Darrel Thompson
Darrel Thompson

We know D.C. Get our free newsletter to stay in the know.

Success! You're on the list.

With temperatures in the 20’s, few people are opening their doors to Ward 6 D.C. Council candidate Darrel Thompson as he canvasses on a recent Saturday. Worse, one of those who does, an elderly woman, says she won’t vote for anyone in the race.

But Thompson, toe warmers stuffed in his socks, thinks it’s worth another shot. He’d dealt with cranky lawmakers on behalf of Senate Majority Leader Harry Reid for four years as his deputy chief of staff. Surely he can win one more vote.

Running up the woman’s steps, Thompson doesn’t resemble his most recent boss as much as he does an earlier one: Barack Obama. Thompson worked as the chief of staff on Obama’s 2004 Senate campaign, and he picked up Obama’s lilting baritone along the way. Alas, the woman never gets a chance to hear it—she won’t open her door for Thompson.

Another more local pol looms over Thompson’s day of tundra canvassing: Ward 6 rival Charles Allen, the former chief of staff and anointed heir to current Councilmember Tommy Wells. According to Thompson team intelligence on Allen (most of which boils down to reading tweets), Allen’s throwing a lunch meeting even while Thompson and campaign manager Aimee Occhetti are out on East Capitol Street losing feeling in their fingers. Thompson wonders how Allen figures he can get away with lunch instead of door-knocking on a Saturday.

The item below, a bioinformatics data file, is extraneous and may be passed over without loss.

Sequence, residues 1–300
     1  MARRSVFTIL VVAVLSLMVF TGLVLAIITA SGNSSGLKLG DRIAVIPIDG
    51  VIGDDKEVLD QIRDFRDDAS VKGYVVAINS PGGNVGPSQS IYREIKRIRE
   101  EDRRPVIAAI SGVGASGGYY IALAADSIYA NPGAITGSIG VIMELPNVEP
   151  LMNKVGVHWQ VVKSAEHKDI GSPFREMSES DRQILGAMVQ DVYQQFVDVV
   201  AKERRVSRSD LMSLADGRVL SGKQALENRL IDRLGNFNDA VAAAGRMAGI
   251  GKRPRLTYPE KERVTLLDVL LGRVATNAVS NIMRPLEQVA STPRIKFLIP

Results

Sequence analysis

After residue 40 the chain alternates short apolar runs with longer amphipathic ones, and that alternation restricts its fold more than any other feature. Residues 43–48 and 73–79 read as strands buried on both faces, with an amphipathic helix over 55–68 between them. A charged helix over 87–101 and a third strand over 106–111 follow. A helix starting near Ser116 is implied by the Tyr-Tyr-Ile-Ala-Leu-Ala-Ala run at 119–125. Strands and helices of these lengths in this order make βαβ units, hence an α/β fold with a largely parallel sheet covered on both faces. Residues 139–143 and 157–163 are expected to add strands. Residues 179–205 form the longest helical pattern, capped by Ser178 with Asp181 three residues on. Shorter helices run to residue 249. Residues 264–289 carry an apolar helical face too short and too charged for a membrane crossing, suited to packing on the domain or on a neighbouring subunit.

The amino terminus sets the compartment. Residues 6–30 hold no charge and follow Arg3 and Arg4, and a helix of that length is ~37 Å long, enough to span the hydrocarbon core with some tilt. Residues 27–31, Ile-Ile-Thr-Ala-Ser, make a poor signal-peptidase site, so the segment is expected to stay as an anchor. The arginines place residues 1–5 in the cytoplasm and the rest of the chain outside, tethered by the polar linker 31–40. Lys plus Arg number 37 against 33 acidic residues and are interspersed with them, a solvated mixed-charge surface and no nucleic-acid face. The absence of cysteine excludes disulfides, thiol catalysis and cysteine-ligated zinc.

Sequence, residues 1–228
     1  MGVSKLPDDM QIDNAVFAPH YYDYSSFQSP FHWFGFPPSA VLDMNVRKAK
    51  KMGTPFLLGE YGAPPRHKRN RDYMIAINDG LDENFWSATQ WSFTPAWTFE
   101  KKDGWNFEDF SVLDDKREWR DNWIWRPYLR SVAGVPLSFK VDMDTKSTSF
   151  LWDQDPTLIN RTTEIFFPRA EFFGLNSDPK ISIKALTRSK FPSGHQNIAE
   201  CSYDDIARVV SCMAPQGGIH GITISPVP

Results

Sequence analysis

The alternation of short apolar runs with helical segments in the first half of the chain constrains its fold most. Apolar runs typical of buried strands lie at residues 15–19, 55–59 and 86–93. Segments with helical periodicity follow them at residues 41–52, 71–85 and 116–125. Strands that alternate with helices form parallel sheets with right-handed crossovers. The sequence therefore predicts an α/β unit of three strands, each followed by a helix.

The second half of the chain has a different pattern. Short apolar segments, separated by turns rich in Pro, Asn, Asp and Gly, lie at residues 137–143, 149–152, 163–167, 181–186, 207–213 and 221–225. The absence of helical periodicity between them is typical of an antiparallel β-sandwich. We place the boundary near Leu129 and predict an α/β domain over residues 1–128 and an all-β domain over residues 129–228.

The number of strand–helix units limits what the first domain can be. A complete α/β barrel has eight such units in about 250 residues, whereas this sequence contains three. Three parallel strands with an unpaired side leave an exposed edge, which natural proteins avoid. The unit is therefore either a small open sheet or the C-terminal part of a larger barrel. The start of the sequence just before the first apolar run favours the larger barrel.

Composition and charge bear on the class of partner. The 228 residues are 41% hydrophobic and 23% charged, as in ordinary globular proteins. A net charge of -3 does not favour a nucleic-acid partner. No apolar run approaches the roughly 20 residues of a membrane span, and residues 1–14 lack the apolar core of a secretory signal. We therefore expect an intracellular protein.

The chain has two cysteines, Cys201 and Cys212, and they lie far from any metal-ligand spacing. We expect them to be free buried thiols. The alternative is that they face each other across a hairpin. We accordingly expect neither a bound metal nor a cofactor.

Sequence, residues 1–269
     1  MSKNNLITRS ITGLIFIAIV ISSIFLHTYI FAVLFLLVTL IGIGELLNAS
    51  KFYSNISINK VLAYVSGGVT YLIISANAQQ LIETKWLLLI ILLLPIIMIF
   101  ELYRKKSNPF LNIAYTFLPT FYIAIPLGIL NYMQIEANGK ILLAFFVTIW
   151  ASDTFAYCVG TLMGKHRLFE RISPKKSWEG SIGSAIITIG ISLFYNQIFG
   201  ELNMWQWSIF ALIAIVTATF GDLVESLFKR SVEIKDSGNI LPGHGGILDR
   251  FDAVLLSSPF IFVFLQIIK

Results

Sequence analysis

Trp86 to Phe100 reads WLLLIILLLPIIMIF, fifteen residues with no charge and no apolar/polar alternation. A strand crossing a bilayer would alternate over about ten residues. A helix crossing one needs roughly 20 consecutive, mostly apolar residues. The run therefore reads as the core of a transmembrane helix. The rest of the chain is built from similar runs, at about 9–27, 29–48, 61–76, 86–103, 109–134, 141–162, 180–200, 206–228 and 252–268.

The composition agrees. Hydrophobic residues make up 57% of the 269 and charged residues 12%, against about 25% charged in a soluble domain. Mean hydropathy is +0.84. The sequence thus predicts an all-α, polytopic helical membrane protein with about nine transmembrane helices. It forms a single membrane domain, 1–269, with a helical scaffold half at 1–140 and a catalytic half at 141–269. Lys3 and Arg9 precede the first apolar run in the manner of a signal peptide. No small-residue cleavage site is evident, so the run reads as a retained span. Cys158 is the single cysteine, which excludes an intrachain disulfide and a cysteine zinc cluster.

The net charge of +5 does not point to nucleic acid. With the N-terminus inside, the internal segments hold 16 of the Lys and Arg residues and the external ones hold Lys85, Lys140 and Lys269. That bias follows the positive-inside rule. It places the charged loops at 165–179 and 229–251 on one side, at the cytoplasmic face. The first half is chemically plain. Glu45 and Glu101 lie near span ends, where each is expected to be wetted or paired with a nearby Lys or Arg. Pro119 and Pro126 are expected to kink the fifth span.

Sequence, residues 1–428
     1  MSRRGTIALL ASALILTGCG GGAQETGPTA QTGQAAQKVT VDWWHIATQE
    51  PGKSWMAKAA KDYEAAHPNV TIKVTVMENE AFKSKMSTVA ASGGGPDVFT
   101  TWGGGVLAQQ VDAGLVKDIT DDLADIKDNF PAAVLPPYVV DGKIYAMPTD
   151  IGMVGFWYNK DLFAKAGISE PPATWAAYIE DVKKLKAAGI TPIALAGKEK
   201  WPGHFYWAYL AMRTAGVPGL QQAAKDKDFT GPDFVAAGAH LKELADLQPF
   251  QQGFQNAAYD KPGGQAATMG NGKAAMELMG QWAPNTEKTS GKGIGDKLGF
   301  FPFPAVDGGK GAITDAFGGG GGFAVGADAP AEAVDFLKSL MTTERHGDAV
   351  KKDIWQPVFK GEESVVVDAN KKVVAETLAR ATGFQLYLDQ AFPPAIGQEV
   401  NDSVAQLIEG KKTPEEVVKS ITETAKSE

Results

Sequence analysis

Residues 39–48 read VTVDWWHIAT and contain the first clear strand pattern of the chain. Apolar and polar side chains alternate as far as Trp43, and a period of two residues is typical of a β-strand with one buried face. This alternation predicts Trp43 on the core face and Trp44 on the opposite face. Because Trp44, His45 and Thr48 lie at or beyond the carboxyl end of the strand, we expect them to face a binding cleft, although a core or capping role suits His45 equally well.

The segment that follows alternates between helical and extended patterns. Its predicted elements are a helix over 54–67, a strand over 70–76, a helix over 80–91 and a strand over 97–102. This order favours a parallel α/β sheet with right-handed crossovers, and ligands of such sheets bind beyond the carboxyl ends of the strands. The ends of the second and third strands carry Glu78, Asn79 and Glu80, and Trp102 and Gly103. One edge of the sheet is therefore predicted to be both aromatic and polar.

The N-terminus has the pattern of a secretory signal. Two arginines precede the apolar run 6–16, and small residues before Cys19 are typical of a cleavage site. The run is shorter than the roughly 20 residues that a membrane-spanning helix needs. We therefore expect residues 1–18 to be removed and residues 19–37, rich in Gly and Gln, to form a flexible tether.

Thompson is looking to eat Allen’s lunch in the metaphorical sense. With Wells trading his Council seat for a run in April’s Democratic primary for mayor, Ward 6 is wide open. With Mary Cheh unopposed in Ward 3 and At-Large Councilmember Anita Bonds facing enough opponents to split the challenger vote, it might be the most competitive race this year (though now that Ward 1 Councilmember Jim Graham has only one rival, that one will be worth watching, too). And for Thompson and Allen, both veterans of Democratic politics, it’s a chance to prove that they can be more than aides.

Until he left Wells’ office in October to run, Allen’s desire for his boss’ seat was the worst-held secret in the Wilson Building. Wary of violating Hatch Act rules about campaigning while employed by the government, Allen insisted that he wasn’t eyeing the office. Asking him about it would turn a friendly conversation chilly, even as he registered a website and Facebook fan page for himself.

All the faux-secrecy has paid off, though—seven years working in Wells’ Council office left Allen able to run on his former boss’s accomplishments, like the bag tax, and toss off details about picayune neighborhood issues like crumbling sidewalks around a senior center. At a meet-and-greet in Southwest’s River Park neighborhood, he knows why one elderly couple in the room is leaving the area and turns that into a line about the lack of medical care in the ward.

Admittedly, being a councilmember’s chief of staff doesn’t mean the average voter is much likelier to recognize your name than being, say, the neighborhood street sweeper. But the connections Allen built in the Wilson Building are paying off among the people who care about these things, landing him endorsements from the Service Employees International Union and several Ward 6 Advisory Neighborhood Commission members.

Allen comes with Wells’ ethical prudery about corporate contributions, but without his old boss’s kamikaze sensibility. When Wells boycotted the opening of Shaw’s O Street Market Giant over a contract dispute, Allen joined his old boss on the picket line. But while Wells waded through the crowd at the ribbon-cutting in a haphazard attempt to take the grievances to the company’s executives and Mayor Vince Gray, Allen stayed outside. (In fairness to Wells, the workers eventually did get their contract.)